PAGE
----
Two US Air Force legends will be promoted, one posthumously, under the draft fiscal 2020 defense policy bill.
The bill includes language honorarily promoting retired Lt. Col. Dick Cole, the last living Doolittle Raider who died earlier this year, to colonel. It also honorarily promotes retired Col. Charles McGee, a famed Tuskegee Airman who flew 409 combat missions through three wars, to brigadier general.
On April 18, 1942, Cole co-piloted the lead B-25 Mitchell on a raid into Japan to take revenge for the Pearl Harbor attacks. While the raid did not inflict heavy damage, it was a large boost to morale stateside following the surprise attacks in Hawaii.
Cole and his crew bailed out of their aircraft in China after it ran out of fuel. The airmen evaded Japanese soldiers, aided by locals and missionaries, and eventually returned to the US. Later in his career, Cole flew “over the hump” of the Himalayan mountains and was part of the founding cadre of Air Commandos.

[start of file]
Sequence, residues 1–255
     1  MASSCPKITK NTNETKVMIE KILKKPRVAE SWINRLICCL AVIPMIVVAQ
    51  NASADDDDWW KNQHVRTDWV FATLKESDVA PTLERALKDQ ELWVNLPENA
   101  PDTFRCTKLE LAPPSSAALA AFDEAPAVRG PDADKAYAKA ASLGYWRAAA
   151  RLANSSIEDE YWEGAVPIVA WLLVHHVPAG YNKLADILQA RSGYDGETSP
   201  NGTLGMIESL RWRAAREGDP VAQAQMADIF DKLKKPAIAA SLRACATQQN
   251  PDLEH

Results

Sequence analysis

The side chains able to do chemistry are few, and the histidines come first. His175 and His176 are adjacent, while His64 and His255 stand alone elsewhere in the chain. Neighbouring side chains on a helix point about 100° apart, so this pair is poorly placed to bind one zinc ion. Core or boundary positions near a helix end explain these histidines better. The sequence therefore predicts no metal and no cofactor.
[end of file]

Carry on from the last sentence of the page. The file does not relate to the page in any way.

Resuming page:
Cole died April 9 at the age of 103.
McGee, who recently turned 100, served in the famous “Red Tails” of Tuskegee Airmen during World War II. Through his service in that war, along with Korea and Vietnam, he flew 409 combat missions—a record. He has received many awards including the Legion of Merit with oak leaf cluster and the Distinguished Flying Cross.
The House approved the draft policy bill on Dec. 11, two days after it was introduced, and the Senate is expected to vote on the legislation this week.